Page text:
Rare Epeoloides pilosulus bee (AKA cuckoo bee)

A rare bee, Epeoloides pilosulus, was positively identified by Joan Milam, an adjunct research fellow at University of Massachusetts Amherst.

Ever feel like you’re doing all the work and someone else is reaping the benefits? The Macropis bee can relate.

Scientists with the U.S. Forest Service recently discovered one of the most rare bees in North America in the Chequamegon-Nicolet National Forest. The Epeoloides pilosulus bee was discovered in mid-July by scientists who were surveying the pollinators as part of an inventory of native bees in the Great Lakes region. There are only two known species of Epeoloides in the world.

The rare bee is often referred to as a cuckoo bee because it's a pollen thief.

The bee is a cleptoparasite that mooches off the oil and pollen collected by the Macropis bee for its young, according to Joan Milam, an adjunct research fellow in the Department of Environmental Conservation at the University of Massachusetts in Amherst.

"Instead, this cuckoo bee slips in, lays its egg, that egg hatches to a larvae, and it eats up the provisions," said Milam. "So, the Epeoloides didn't have to do any of the work."

The U.S. Forest Service said the bee hasn’t been confirmed in Wisconsin since it was caught in Dane County back in 1910. The pollinator was thought to be extinct until it was spotted in Nova Scotia, Canada, in 2002. The insect is listed as endangered in Canada. The bee has been confirmed in just a few states in the U.S., including Connecticut, Massachusetts and Maryland.

Milam said they were working with the U.S. Forest Service as part of a project funded by the Great Lakes Restoration Initiative (GLRI). They've been working with forest managers on bee surveys of six forests across several Great Lakes states, including Wisconsin, Minnesota and Michigan.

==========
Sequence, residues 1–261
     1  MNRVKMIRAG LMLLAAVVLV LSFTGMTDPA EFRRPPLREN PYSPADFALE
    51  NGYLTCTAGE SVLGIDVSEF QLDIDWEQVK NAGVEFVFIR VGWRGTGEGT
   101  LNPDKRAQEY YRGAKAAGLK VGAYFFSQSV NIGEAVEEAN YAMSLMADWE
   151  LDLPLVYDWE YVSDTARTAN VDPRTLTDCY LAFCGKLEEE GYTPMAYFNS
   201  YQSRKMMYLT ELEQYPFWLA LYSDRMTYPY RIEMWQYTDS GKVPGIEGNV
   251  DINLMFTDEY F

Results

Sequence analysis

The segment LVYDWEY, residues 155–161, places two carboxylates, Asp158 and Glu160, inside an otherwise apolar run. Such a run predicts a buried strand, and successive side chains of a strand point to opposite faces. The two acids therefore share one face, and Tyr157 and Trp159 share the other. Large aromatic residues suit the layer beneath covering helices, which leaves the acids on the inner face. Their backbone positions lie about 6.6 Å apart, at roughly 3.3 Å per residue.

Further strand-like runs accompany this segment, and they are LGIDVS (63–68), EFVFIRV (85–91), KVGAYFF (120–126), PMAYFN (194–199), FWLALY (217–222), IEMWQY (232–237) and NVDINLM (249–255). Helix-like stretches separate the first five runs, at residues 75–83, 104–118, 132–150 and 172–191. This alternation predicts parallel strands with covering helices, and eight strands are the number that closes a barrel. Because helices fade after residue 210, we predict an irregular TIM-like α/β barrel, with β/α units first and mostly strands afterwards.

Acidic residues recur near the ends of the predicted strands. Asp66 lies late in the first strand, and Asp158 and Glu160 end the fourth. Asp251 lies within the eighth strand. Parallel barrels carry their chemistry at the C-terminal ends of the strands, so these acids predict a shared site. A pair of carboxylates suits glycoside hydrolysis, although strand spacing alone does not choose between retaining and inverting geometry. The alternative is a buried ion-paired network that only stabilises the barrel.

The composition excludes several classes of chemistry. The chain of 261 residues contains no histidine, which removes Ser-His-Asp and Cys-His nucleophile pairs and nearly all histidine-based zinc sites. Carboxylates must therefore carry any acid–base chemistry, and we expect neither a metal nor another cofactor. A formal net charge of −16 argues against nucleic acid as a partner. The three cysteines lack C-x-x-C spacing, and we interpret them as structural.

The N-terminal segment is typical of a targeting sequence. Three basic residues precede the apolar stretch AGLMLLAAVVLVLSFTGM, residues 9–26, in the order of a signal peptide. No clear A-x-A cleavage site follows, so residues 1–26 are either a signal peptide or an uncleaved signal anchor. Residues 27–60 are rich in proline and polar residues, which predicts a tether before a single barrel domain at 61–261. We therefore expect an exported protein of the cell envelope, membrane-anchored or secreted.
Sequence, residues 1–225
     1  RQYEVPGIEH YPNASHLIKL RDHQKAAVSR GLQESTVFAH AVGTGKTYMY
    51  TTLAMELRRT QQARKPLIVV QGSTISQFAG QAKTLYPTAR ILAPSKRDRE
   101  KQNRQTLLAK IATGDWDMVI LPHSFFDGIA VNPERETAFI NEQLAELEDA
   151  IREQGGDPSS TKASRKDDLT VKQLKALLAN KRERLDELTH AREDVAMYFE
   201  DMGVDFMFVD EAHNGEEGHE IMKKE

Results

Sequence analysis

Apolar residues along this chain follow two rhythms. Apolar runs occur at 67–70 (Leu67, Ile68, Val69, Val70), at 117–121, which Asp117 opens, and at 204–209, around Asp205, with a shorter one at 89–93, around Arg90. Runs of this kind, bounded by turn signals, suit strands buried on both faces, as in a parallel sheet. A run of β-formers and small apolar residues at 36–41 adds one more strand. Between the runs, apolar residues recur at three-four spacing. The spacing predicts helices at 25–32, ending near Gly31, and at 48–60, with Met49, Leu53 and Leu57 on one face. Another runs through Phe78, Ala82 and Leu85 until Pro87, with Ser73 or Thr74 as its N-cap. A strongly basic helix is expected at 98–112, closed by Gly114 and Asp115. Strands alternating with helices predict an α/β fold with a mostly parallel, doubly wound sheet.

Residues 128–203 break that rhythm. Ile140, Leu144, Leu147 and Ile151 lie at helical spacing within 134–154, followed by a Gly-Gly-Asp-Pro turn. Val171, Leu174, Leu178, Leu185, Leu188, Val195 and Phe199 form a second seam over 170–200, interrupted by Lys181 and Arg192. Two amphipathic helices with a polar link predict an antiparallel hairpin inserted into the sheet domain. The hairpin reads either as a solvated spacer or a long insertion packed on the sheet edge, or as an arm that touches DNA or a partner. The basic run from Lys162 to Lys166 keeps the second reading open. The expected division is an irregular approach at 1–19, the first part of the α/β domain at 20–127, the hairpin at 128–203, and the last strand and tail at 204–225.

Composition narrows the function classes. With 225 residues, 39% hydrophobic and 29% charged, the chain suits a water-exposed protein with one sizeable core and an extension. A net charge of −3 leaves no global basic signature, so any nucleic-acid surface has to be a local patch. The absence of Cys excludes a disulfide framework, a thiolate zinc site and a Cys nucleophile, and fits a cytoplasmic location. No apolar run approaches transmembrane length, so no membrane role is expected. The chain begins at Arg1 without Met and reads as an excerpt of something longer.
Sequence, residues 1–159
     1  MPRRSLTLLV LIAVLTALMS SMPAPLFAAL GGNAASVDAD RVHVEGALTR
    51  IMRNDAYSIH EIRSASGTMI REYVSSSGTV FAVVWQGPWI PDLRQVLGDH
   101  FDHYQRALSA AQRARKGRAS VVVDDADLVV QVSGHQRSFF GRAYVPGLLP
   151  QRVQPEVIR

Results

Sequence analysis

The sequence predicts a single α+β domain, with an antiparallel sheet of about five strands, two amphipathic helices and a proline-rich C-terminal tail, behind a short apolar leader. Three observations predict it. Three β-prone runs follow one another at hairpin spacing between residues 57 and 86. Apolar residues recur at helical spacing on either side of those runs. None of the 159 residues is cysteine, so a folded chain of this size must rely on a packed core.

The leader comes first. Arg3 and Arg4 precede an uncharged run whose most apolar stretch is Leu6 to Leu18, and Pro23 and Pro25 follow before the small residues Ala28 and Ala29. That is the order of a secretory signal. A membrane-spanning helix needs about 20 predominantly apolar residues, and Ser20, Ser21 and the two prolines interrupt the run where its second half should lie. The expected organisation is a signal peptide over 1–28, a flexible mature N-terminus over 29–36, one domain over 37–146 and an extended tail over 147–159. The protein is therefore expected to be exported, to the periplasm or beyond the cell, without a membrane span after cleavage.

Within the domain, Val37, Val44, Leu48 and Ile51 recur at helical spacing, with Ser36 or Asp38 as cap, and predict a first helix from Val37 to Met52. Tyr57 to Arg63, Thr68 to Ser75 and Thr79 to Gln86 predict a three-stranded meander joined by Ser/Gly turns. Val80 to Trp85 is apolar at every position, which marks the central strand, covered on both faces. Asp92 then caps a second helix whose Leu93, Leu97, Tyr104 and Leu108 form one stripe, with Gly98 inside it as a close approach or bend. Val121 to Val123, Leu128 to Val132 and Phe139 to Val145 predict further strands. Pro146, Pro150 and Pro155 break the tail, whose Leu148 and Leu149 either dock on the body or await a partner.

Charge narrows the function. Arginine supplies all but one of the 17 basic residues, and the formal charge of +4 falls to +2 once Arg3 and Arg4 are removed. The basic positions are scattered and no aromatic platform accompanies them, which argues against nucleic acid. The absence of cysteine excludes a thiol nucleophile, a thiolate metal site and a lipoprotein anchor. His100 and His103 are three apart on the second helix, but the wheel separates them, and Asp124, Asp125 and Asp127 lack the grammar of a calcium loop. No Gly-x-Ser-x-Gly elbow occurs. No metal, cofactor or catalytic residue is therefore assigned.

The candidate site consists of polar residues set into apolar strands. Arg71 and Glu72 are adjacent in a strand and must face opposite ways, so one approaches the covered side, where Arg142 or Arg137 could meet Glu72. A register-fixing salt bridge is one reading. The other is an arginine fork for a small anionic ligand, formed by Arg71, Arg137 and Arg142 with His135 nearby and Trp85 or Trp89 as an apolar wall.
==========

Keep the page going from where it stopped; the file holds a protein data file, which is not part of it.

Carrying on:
Agency scientists netted three of the bees on black-eyed Susan plants along forest roads in the Lakewood-Laona Ranger District this summer. Two were captured at the Chickadee Barrens in the Chequamegon-Nicolet National Forest.

Habitat restoration in the district might be helping bees to thrive there, according to forest spokeswoman Hilary Markin.

"They're doing a lot of clear-cutting to take the trees off to build that barrens habitat, which of course is creating more wildflowers and such that the bees like and increasing the pollinators that are visiting that area," said Markin.

Milam said the Chequamegon-Nicolet National Forest has the right combination of plants for the Macropis bee to feed its young known as Lysimachia — a genus that includes plants that often grow yellow flowers.

"It has a lot of that plant so it can support a lot of the Macropis," she said. "When you have a healthy community with a lot of host species, then there is enough for a cleptoparasitic bee to slip in, lay its egg and take off."

Milam said the surveying effort is part of increased awareness of bees and heightened surveillance after reports surfaced of bee colonies collapsing in 2006, raising fears over the long-term survival of bees.

"The reason bees are important is they support our natural ecosystems because they pollinate the plants and the plants hold the soil together and they provide berries and nuts for other animals," said Milam. "They're considered keystone species — all of them — whether they’re a cleptoparasite or a pollen-provisioning bee."

Some beekeepers reported losing 30 to 90 percent of their hives in the winter of 2006-2007. However, reported cases of Colony Collapse Disorder have declined substantially over the last five years, according to the EPA.

This is the third and final year of the bee surveying as part of the GLRI-funded project. The U.S. Forest Service has received $81.5 million for 138 projects funded by the Great Lakes Restoration Initiative as of October last year. Wisconsin is home to around 500 native bee species.

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